The special proxy asking shareholders to support executive payouts does not mention the 4,000 fired employees.
Why’s he going on about Walgreen Boots all the time? I hear you cry. It’s just one company!
Well, then there’s Hertz, which I have already written about.
It’s a long, complicated story of reduced salaries, reinstated salaries, CEO resignations and appointments, but the main point of outrage was that, on 19 May last year, the company announced a retention bonus programme that provided approximately $16m to key employees at the director level and above. The purpose of the payments was to reward these employees for the substantial additional work they were doing as a result of a “reduced workforce”. Hertz had already, in March, announced the ‘furlough’ (read ‘no work, no pay’) for thousands of employees. My question at the time was: couldn’t the $16m have been used to reinstate and pay some of those ‘furloughed’ employees, thus reducing the additional workload for the managers who got the retention bonus?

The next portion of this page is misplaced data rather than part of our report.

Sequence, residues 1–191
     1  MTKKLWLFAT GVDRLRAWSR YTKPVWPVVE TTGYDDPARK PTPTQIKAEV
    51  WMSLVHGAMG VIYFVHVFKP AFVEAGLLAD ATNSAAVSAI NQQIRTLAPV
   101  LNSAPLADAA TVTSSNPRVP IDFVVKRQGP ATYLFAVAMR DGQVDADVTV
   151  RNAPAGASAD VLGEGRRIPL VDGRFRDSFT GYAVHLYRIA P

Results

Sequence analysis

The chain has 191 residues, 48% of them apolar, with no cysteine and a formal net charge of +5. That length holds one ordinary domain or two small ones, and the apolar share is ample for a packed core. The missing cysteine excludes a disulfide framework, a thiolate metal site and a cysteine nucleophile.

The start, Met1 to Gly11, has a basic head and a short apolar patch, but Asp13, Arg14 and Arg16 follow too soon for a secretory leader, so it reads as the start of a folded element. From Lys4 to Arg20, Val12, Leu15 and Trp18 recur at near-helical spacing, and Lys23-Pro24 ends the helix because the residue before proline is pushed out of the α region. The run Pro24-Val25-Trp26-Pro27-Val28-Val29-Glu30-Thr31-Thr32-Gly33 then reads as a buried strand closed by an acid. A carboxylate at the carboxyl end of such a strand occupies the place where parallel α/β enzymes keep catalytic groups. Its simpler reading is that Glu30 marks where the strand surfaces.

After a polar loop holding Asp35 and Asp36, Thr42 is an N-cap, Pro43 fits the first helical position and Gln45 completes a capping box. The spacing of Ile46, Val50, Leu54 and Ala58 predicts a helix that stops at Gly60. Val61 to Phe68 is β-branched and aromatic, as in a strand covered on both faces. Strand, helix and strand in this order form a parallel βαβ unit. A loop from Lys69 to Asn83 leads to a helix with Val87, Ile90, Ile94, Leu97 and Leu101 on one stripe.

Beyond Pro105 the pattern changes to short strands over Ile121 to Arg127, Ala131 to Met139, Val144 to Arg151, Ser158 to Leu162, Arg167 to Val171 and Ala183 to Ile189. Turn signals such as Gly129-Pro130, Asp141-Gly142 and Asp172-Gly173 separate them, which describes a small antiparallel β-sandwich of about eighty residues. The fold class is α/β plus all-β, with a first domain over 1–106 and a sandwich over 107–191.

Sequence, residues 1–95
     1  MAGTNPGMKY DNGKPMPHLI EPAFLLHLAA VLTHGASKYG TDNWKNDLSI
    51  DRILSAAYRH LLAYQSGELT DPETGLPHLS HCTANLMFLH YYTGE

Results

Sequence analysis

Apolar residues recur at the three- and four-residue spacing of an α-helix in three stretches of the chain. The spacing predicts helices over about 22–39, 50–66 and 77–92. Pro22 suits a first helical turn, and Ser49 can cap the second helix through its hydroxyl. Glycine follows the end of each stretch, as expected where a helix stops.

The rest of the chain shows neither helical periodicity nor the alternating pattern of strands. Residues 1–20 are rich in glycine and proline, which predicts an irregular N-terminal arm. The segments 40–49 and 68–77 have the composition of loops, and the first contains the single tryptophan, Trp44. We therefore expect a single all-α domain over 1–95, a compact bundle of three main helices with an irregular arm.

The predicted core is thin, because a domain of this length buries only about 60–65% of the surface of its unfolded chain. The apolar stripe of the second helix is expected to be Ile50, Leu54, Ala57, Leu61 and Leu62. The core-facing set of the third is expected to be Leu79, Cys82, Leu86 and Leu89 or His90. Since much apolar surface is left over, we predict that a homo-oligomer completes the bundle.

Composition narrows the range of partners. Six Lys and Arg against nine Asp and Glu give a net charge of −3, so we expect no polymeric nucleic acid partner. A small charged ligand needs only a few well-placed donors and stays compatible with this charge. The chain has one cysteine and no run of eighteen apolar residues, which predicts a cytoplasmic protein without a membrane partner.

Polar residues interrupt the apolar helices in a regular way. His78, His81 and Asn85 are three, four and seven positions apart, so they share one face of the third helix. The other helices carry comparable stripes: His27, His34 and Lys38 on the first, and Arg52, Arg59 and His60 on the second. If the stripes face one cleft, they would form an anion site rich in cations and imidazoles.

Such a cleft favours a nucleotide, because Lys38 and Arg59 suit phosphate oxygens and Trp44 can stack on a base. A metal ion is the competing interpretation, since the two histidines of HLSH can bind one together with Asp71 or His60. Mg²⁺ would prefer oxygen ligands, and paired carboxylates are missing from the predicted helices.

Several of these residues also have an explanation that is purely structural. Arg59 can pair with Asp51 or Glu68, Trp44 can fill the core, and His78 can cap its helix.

I could probably write one of these stories about a different company every day as we move through proxy season (don’t worry, I’m not going to).
I found the Hertz example in a database of salary cuts due to Covid put together by Indian data house ESGAUGE and US non-profit The Conference Board.
The database says that 679 companies in the Russell 3000 have announced salary reductions for the CEO, executive officers and/or independent directors since the onset of the pandemic. Not all of them will have restored those salaries as quickly as Hertz, so there is the altruism that I spoke about in the first paragraph. But the database also notes that 349 companies also announced changes to incentive plans, some of them – perhaps even many of them – of the same kind as Walgreen Boots.